Four international players will be hauled before the Rugby Football Union bench in London next Thursday as Twickenham officials attempt to minimise the damage caused by the last round of Zurich Premiership matches – a series of encounters so far removed from the seasonal spirit that they might have been organised by Scrooge himself.
Alex Sanderson of Sale, Matt Stewart of Northampton, Epi Taione of Newcastle and Gloucester's Olivier Azam, the new bogeyman of the domestic game, will appear in the dock, charged with offences ranging from fighting to spitting.
As things stand, there will be no charge of racial abuse levelled at Azam, who has been accused by Newcastle of calling Taione a "black bastard" during the match at Kingsholm last Saturday, a remark Azam vigorously denies making. Newcastle's director of rugby, Rob Andrew, has yet to lodge a complaint with the RFU, although he insists he will do so as soon as all available evidence has been gathered. Andrew may wait until Monday, by which time Gloucester will have announced the findings of their internal inquiry into the allegations.
Andrew can wait as long as he likes before contacting the RFU. Under Premiership rules, clubs must report instances of suspected foul play to a citing officer within 72 hours. However, there is no time limit governing complaints of non-visual offences, such as racial abuse. Given the stink generated by the Azam affair, the RFU would prefer to deal with the case in its entirety next week. At present, though, a second hearing is likely.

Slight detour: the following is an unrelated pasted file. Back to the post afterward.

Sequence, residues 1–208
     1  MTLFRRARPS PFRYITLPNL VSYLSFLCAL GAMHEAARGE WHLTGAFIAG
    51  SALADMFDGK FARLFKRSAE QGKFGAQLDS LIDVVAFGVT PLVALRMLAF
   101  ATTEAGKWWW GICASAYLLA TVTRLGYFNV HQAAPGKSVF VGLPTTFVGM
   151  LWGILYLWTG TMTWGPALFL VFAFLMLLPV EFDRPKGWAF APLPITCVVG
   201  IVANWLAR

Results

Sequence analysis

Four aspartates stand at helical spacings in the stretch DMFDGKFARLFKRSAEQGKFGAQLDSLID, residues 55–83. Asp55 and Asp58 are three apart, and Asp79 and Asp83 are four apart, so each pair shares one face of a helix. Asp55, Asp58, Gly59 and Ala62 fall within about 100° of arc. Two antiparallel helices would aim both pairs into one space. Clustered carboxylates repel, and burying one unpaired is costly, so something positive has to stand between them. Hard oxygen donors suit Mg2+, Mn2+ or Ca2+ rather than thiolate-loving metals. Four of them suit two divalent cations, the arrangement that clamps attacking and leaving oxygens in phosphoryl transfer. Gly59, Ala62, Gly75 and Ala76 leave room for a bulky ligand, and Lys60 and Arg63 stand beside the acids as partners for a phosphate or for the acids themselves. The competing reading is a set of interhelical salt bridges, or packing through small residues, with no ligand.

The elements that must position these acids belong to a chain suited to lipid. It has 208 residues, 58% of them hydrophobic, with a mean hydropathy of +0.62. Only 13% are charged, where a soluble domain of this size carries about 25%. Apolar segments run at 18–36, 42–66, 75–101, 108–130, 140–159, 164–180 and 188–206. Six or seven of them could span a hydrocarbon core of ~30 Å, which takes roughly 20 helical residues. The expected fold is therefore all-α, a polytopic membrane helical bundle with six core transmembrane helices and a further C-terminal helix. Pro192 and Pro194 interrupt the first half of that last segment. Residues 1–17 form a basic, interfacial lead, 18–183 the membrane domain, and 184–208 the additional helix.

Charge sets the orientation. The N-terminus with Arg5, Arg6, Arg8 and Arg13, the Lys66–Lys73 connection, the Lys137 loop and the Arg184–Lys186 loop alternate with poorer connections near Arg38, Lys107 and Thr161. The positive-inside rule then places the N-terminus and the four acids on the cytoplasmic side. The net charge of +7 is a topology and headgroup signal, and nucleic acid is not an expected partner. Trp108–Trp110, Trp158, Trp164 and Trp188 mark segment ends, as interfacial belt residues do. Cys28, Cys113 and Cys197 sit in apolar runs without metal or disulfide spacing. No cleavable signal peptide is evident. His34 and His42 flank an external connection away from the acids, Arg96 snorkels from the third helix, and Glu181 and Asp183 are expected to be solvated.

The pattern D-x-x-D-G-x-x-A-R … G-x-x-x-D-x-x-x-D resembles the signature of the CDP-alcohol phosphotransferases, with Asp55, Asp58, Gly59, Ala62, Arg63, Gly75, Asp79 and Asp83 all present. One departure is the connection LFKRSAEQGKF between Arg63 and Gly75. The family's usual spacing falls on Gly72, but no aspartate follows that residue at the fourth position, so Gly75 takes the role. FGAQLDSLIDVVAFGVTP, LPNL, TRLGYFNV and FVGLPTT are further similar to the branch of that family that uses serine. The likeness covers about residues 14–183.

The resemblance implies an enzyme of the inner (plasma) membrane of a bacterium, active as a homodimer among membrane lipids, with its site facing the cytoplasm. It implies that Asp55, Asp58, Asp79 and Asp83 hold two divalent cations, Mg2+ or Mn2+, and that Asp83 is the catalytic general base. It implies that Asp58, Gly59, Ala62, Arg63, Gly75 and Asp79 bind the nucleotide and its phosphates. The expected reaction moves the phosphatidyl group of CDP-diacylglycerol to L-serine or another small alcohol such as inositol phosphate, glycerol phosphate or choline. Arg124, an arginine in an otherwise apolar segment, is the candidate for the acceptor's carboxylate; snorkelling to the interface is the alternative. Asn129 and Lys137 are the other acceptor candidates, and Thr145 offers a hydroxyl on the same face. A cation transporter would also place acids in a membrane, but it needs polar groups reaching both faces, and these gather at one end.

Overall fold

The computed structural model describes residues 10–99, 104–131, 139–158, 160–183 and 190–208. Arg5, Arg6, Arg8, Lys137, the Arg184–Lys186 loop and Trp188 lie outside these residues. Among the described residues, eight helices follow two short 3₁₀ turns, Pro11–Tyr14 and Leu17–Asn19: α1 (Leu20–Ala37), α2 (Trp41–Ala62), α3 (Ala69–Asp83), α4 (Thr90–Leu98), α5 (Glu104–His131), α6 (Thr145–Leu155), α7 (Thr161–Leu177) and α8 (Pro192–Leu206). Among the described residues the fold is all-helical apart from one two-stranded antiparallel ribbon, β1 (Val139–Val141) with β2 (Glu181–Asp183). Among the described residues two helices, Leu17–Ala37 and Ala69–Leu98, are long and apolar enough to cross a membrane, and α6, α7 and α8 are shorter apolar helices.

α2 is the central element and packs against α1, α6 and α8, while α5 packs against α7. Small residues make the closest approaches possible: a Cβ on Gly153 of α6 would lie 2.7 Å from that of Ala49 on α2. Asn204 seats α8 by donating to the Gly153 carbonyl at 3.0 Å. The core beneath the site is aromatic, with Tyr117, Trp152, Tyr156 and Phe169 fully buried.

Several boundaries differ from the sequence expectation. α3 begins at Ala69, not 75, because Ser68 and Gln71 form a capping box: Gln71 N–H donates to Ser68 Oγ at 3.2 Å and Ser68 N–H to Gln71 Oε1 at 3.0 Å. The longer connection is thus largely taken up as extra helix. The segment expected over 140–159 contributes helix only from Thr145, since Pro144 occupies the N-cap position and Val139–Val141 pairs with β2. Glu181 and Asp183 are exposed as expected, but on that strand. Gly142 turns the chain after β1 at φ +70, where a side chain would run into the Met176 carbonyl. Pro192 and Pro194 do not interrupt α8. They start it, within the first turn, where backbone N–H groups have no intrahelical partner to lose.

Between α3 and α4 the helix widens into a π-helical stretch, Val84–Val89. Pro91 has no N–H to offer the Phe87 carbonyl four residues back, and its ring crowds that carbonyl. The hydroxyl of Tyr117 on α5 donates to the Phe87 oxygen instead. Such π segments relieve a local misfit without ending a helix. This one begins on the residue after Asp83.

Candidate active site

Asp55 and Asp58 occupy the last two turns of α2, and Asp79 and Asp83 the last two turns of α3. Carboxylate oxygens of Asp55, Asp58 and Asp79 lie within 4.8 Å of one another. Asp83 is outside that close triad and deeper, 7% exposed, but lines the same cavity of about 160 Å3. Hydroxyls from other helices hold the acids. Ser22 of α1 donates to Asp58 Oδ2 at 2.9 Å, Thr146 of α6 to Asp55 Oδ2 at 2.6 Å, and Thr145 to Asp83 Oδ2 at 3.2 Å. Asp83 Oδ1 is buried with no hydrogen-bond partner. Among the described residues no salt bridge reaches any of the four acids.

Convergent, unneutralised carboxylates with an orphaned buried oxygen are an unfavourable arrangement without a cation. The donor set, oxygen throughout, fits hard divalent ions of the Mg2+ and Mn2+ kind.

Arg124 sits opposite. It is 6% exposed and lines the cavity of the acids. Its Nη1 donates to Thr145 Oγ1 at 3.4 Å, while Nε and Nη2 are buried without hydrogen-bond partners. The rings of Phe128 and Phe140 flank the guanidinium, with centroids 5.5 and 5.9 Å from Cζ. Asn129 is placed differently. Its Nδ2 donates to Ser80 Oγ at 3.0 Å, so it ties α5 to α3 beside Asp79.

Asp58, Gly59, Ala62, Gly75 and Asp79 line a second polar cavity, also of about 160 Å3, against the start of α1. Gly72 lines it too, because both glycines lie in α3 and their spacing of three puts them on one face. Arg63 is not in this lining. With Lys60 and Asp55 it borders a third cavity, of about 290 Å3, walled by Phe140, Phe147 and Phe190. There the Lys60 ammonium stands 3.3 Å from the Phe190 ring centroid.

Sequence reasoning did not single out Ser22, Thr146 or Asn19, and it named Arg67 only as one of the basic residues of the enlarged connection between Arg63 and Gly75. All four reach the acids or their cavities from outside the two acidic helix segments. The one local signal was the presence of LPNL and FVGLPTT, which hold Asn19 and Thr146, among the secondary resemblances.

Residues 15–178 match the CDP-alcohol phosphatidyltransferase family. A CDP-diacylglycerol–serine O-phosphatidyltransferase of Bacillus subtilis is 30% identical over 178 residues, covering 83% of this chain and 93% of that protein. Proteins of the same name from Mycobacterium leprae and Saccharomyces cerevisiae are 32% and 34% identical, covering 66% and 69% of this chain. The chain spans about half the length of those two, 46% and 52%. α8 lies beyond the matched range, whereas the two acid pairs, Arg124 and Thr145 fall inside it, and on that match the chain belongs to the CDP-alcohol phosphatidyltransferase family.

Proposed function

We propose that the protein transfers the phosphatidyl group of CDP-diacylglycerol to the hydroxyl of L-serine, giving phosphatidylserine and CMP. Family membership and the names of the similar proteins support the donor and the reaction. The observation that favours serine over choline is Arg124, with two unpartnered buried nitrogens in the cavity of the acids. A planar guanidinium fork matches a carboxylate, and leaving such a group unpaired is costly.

Azam and Taione are currently charged with fighting, having been sent off at Kingsholm. "The video clearly shows Azam spitting in Epi's face, and that this kicked off the fight between them," Andrew said yesterday. "Gloucester seem to be suggesting we have made this up, but that is certainly not the case." If found guilty, both men would face a minimum three-week suspension.
Sanderson, the 22-year-old flanker who made his England debut against Romania in November, stands accused of spitting at an unidentified opponent in the final minutes of Sale's match at Leicester eight days ago. "We watched the official video of the game and couldn't identify anything to suggest Alex had been guilty of spitting at anyone," said Jim Mallinder, Sale's director of rugby. "We have now viewed a second video, and our opinion remains unchanged. We will therefore vigorously defend him in this matter."
Stewart, meanwhile, is charged with using his fist and, more seriously, his knee to assault a London Irish player during another of last weekend's exceptionally physical games. The Scotland tight-head prop was reported by the London Irish player-coach Brendan Venter, who highlighted a series of other incidents that have not been pursued by the citing commissioner. Venter's actions drew a bitter response from the Northampton hierarchy, and the Midlanders will be even more upset if the disciplinary panel finds Stewart guilty and bans him for a month – a punishment that would threaten his participation in the Calcutta Cup match with England on 2 February.
Scott Quinnell, the Wales captain, will not start Llanelli's eagerly-awaited Heineken Cup game in Perpignan tonight: the Lions No 8 is struggling with hamstring trouble, and has been named among the replacements.
A Llanelli victory would set up a mighty encounter with Leicester at Stradey Park tomorrow week, but Gareth Jenkins, the Scarlets coach, cannot afford to think beyond events at Stade Aime Giral this evening. Perpignan are among the form teams in France: unbeaten at home in the French championship, they went within a point of Leicester in October, having beaten the European champions in a pre-season friendly.
Tonight's Pool 5 match between Glasgow, who have a remote mathematical chance of reaching the knock-out stage, and Northampton, who have no chance at all, has been moved to Partick Thistle's Firhill stadium because of a frozen pitch at Hughenden.Reuse content